- 27 September, 2013
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Although opus numbers and catalogue entries aren’t always to be taken at face value, I thought we could take a look at some composers who have had new Naxos releases this month, putting the music on these discs into the broad context of both their Opus 1 and the last work in their catalogue.
Johann Strauss the Elder (1804-49) notched up a good quantity of his sociable music; not all of it, however, was written in response to the genteel environs of glittering Viennese ballrooms. This month’s release of his Opp. 231-240 (Marco Polo 8.225344) covers the darker period of the 1848 European Revolutions. Part of this turmoil included factions and countries attempting to sever the grip exercised on them by the Austrian Empire. Strauss’ music provided the diversion certain sectors of Vienna needed, as one newspaper editor observed:
“Yes, yes, the time has become something else, something serious, and now we have more important things to do than to argue about waltzes. Even Strauss must feel the pressure of the time just as much as so many others, and he is still the only one in his field in whom one seeks refuge when the cup of sorrow is overflowing.”
Strauss died the following year, his last listed work being Melodische Tändelein (Tuneful Trifles), Op. 251. Written when he was 22, his Op. 1 is titled Täuberln-Wälzer (Little Doves’ Waltzes), similarly suggesting a much more idyllic provenance.
Unlike Strauss, whose output hardly strayed from waltzes, quadrilles and the like, the music of fellow Austrian Arnold Schoenberg (1874-1951) underwent a complex makeover. His Op. 1, Zwei Gesänge (Two Songs) dates from 1898 and is dedicated to the arch-romantic Alexander Zemlinsky; the harmony is rooted in a traditional, albeit highly chromatic, tonality and is emotionally powerful stuff. His catalogue’s last entry, Psalm 130 op 50b De profundis (1950), is altogether much more edgy. The works on this month’s new release (Naxos 8.557534) date from the turn of the 20th century and show how the master’s language was on the cusp of changing, especially in the way his String Quartet No. 1, Op. 7 (1904-05) sounds more barbed than Verklärte Nacht (Transfigured Night), written just 5 years previously.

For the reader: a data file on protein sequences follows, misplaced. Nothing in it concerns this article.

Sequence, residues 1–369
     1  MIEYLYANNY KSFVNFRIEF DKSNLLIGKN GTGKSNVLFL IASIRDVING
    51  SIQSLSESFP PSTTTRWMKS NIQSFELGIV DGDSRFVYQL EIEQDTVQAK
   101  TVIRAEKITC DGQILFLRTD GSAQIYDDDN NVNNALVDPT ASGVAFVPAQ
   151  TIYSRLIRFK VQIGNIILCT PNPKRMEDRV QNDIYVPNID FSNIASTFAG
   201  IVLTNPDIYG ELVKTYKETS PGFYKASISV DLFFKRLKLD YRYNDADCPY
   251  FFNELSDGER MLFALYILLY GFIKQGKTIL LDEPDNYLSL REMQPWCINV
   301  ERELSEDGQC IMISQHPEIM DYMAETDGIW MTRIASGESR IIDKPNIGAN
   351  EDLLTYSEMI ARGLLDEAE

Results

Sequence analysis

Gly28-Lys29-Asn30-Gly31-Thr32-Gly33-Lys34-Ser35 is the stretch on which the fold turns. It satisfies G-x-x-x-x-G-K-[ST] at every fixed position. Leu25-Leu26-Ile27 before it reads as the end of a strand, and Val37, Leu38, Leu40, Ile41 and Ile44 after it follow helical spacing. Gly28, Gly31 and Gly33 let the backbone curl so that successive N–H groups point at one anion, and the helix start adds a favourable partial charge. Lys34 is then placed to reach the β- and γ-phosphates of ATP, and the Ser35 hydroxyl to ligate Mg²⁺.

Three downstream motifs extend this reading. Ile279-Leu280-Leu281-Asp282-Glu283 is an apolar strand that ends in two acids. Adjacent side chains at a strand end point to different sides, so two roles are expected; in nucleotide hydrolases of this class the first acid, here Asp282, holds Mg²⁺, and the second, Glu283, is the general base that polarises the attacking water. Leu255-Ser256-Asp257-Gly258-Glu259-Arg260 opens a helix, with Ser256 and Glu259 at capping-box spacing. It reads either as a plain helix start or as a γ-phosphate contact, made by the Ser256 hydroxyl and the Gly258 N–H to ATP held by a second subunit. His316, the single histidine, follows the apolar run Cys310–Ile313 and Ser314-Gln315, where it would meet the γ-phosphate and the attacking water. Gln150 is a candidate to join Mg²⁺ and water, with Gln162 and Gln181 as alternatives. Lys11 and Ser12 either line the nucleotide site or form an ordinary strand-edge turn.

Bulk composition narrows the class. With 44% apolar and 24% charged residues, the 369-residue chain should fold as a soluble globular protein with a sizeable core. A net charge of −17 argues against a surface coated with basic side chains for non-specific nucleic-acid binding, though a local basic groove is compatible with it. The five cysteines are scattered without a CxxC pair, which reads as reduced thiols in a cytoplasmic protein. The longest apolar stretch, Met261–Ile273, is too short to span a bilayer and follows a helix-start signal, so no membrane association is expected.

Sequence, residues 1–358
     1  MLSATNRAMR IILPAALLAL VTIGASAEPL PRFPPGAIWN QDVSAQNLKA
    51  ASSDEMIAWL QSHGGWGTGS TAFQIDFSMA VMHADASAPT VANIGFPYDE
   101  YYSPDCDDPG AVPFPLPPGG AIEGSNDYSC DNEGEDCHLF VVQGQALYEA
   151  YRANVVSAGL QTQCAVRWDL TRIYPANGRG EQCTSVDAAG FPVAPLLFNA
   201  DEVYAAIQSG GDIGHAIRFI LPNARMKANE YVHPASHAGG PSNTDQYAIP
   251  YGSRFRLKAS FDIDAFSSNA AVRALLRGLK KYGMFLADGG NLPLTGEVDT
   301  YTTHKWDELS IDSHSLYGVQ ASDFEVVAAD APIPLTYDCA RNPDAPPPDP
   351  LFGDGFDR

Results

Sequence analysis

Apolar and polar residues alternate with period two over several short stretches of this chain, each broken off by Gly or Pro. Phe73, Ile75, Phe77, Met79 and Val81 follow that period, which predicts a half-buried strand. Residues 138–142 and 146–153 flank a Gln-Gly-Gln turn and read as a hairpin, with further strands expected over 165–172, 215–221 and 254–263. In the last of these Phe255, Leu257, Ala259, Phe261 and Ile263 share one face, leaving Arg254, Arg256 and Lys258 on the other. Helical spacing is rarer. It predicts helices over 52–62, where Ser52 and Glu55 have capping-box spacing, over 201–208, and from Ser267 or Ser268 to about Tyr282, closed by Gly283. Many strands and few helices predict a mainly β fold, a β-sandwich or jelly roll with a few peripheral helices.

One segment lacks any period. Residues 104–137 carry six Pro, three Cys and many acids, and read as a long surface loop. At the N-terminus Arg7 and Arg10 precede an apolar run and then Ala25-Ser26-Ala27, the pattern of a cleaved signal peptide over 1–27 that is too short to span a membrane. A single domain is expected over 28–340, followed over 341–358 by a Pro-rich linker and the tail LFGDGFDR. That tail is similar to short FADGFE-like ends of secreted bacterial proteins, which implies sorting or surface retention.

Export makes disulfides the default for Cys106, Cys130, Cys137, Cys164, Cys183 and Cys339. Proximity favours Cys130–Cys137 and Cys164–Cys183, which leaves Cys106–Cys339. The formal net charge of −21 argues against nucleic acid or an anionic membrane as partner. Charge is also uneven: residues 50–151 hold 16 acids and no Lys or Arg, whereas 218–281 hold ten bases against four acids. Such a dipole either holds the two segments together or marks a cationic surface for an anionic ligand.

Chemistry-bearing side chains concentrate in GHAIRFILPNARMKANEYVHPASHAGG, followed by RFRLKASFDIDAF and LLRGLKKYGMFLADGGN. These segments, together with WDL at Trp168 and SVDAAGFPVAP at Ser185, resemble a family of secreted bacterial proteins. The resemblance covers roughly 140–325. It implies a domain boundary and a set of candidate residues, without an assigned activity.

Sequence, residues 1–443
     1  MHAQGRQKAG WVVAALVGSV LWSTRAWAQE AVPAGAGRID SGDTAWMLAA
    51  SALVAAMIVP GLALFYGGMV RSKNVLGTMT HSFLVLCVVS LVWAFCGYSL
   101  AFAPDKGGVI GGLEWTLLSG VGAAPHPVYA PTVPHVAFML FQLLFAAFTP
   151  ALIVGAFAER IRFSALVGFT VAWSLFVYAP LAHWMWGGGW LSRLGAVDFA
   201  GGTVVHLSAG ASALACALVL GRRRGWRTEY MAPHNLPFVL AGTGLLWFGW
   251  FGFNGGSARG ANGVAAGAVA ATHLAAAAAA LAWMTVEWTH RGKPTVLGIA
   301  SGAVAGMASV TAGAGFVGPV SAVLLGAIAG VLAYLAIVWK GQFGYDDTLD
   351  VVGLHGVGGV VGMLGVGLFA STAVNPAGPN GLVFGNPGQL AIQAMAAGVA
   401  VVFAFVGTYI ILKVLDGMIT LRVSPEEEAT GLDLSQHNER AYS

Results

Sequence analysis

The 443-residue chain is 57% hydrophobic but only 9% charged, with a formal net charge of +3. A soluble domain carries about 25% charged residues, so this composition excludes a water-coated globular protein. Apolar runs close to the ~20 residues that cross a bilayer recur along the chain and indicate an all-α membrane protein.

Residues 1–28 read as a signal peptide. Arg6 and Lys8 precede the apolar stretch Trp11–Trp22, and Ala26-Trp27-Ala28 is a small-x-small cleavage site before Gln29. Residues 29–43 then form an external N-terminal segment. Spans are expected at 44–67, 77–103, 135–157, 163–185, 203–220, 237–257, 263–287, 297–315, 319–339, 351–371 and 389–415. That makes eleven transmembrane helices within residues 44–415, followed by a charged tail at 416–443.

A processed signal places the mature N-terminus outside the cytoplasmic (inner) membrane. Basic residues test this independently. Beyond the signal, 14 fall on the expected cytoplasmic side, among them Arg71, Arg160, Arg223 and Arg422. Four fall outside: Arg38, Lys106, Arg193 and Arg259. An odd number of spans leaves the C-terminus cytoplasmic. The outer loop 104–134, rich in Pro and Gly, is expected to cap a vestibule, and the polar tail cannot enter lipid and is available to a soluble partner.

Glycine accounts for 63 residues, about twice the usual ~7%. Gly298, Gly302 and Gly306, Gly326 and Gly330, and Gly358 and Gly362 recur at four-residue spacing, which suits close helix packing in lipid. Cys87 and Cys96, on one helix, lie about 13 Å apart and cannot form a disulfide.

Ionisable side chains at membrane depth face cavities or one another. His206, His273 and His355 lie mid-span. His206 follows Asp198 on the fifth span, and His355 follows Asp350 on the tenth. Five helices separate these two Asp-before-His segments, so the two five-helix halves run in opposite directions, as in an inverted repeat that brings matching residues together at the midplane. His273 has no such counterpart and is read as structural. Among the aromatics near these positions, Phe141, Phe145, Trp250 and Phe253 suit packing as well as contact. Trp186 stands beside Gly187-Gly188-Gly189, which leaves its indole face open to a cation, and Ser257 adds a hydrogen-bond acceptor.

Johannes Brahms (1833-1897) died two years before Schoenberg penned Transfigured Night. His final catalogue entry reflects how the elder statesman’s music also became transfigured, turning more mellow in his later years. Written in 1896, his 11 Chorale Preludes for organ Op. 122 (Naxos 8.550824) sound gently valedictory and, if you need an example of how Brahms related to fellow German composer J. S. Bach, listen to the Prelude and Fugue in A minor on the same disc.
Much more assertive is his Piano Sonata No. 1 Op. 1, written in 1853 (Naxos 8.550351). Championed by Robert Schumann and dedicated to Joseph Joachim, it couldn’t have wished for a better launch-pad. By the time of his A German Requiem, featured on one of this month’s new releases (Naxos 8.572996), Brahms isn’t out to prove anything. Written in 1868 as a comfort for the living who grieve the departure of their loved ones (and almost certainly inspired by the death of the composer’s mother), Brahms again links back to the Germanic tradition of composers such as Bach and Schütz, rather than court the Italian-style Requiem with its Day of Judgement wrath.
In a way, there’s a certain frustration that links the works of Sergei Rachmaninov (1873-1943). This month’s release of his Symphony No. 1 (Naxos 8.573234), written in 1895, reminds us of its tepid reception at the first performance (it’s generally held that the conductor, Alexander Glazunov, was inebriated) and how this sent Rachmaninov into a fit of depression that lasted for years. The creative block he suffered was eventually lifted with the sustained help of hypno- and psychotherapy from the Russian physician, Nikolai Dahl.
His Op. 1 was the Piano Concerto No. 1 (Naxos 8.550809), written in 1891 when Rachmaninov was only eighteen. His Second and Third Piano Concertos were to find much more favour with the general public, however, prompting Rachmaninov to considerably re-work his Op. 1 in 1917. Dating from 1940, his last work, the Symphonic Dances Op. 45 (Naxos 8.550583), similarly failed to find its initial target. This was as the score for a ballet by his friend Michel Fokin who, like Rachmaninov, emigrated from Russia and made the America his final destination. Initially titled Mid-day, Twilight and Midnight, the three movements had to be repackaged when Fokin died in 1942. Rachmaninov followed Fokin to his final resting place a year later.